“She hasn’t been able to do laundry for a bit, other than light stuff she can wash in the sink,” her son said.

    The blackout left islanders uncomfortably hot. The temperature on Wednesday and Thursday in the suburb of San Juan where she lives was 87 degrees, according to Weather.com. At night, it fell to 77 degrees.

    The power loss created more problems than just temperature discomfort.

    During the blackout, Jimmy was worried because he couldn’t contact his mother via her cell phone.

    “She probably had it turned off to save power,” he said.

    We sell small generators and other emergency power equipment that are excellent during this type of emergency.

    Ready.gov recommends keeping cell phones charged and having an alternate power source. Also, have an emergency contact outside the immediate area that all family members can use to pass information about their safety.

    buying-ice-via-fox-news - Puerto Rico Locals had to buy ice to keep their food at a safe temperature - image via Fox News

    Lezcano, who is diabetic, also had to worry about her insulin. Insulin manufacturers recommend storing it in the refrigerator. Insulin supplies in use may be kept at room temperature (between 56°F and 80°F). High temperatures could cause her insulin supply to go bad.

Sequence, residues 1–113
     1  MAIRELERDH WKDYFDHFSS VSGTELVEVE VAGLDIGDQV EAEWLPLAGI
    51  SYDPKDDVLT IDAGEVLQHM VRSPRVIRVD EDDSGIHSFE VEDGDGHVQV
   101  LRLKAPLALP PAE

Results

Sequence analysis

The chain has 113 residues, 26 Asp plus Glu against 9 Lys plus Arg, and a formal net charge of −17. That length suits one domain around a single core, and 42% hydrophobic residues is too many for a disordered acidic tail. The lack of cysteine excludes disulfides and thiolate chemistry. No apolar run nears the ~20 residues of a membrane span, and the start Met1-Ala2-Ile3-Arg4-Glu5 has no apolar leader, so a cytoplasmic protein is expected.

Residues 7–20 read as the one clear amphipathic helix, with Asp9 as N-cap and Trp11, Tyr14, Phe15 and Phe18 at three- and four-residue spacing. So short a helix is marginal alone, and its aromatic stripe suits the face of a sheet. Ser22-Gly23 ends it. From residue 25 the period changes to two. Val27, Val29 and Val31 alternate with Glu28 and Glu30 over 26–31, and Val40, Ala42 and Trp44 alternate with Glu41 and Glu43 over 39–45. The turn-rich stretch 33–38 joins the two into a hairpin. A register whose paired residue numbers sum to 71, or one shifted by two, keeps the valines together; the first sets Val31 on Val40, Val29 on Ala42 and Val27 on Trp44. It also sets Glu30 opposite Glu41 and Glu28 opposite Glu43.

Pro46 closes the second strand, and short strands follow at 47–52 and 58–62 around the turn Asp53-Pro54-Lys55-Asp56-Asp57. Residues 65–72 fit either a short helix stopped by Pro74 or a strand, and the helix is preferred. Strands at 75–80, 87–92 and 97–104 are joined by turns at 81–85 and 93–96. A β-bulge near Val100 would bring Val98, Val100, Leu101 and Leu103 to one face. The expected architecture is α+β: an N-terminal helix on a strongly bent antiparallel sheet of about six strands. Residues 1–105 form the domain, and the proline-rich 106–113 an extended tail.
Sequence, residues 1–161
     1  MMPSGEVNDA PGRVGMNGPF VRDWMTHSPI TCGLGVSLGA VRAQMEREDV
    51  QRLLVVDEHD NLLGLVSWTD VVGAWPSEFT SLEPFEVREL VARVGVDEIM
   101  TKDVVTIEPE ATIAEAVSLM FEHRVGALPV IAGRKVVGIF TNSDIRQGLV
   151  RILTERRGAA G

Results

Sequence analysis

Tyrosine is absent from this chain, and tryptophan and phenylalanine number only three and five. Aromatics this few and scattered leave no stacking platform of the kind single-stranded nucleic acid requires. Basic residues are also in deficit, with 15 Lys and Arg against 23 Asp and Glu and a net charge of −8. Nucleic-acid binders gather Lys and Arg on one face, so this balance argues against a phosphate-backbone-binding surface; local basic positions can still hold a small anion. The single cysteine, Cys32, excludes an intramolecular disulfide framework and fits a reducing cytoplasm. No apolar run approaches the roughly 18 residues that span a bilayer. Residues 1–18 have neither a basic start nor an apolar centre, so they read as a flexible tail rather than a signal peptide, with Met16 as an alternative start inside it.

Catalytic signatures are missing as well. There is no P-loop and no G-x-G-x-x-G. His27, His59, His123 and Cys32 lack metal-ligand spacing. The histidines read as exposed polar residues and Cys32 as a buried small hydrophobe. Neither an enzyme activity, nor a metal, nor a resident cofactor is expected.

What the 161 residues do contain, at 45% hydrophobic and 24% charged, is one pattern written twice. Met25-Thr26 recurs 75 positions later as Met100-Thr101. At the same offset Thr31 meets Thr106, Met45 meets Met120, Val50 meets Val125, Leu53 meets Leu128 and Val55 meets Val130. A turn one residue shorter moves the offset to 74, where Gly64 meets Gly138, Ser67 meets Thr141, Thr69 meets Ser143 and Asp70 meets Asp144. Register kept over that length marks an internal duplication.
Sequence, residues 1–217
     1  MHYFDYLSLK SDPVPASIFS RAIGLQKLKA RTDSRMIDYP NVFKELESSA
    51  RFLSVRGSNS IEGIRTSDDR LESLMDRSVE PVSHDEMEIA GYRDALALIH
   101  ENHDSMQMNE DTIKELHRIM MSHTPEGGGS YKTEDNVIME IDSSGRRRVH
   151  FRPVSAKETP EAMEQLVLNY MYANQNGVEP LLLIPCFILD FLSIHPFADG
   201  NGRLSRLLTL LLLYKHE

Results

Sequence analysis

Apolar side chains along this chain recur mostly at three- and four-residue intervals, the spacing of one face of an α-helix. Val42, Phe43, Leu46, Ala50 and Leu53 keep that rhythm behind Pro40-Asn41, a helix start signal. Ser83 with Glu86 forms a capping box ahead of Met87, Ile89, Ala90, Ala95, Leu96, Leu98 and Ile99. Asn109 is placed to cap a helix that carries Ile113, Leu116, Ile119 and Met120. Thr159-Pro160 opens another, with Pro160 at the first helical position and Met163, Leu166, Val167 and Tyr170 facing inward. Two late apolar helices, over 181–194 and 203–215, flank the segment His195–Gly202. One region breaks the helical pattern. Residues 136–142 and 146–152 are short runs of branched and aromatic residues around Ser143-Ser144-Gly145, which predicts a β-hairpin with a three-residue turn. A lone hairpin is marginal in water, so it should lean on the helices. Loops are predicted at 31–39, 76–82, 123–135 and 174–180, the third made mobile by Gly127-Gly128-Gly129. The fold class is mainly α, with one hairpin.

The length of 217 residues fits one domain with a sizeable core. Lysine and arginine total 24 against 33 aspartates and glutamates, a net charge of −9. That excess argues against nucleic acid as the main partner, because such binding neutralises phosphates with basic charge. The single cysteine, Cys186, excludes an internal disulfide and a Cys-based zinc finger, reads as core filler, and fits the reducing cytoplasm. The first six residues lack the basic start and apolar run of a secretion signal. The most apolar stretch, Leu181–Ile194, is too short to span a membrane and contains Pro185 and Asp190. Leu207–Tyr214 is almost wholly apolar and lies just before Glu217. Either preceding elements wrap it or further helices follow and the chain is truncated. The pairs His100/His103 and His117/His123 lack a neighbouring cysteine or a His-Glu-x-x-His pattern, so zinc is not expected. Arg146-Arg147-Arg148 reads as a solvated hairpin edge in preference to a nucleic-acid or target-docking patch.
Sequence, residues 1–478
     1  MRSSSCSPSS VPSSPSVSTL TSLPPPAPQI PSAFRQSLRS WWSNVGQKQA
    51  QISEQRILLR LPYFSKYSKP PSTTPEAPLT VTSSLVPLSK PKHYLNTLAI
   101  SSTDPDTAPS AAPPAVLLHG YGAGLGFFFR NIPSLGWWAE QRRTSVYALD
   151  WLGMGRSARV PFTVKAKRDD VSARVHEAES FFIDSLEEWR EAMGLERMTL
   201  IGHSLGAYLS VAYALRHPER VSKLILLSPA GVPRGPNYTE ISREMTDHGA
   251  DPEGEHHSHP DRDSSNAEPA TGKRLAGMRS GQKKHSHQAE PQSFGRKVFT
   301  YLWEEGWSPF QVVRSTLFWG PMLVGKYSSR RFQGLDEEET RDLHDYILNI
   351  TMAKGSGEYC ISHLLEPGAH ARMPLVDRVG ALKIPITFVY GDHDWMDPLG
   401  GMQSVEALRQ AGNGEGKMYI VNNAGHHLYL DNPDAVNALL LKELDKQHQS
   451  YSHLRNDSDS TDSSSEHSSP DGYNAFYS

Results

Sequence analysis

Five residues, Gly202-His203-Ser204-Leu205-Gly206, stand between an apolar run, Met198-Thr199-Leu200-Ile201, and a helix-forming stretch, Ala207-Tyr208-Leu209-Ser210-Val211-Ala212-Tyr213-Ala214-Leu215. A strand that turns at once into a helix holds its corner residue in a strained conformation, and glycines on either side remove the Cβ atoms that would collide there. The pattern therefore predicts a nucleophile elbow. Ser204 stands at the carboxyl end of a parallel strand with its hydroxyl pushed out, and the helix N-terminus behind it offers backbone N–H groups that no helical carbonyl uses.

Ready.gov recommends that people with special medical needs make backup power plans and contact their power company before an outage so it can prioritize getting power to their home.

    Although one Twitter user jokingly compared the blackout to “The Purge,” a movie in which crime is legalized for 12 hours and emergency services are suspended, Lezcano said there didn’t seem to be any more crime than usual. She was concerned about running low on supplies: traffic was snarled, and lines were long at supermarkets and gas stations, according to USA Today.

    Police officers directed traffic at major intersections all day Thursday. Four were hit by cars.  One person was hospitalized after being trapped in an elevator overnight, according to USA Today. Another was killed by carbon monoxide poisoning from a leaking generator. Broken generators also caused 15 fires around the island. All the fires were extinguished, and no one was injured in the blazes.

    Lezcano was hoping the power would return Friday. In the meantime, she sat outside and people-watched, her son Jimmy said.

    “She was bored because she couldn’t have her Netflix,” he joked.

     

    February - Power Banner - Puerto Rico

1-3 of 14

Page:
  1. 1
  2. 2
  3. 3
  4. 4
  5. 5
Back to Top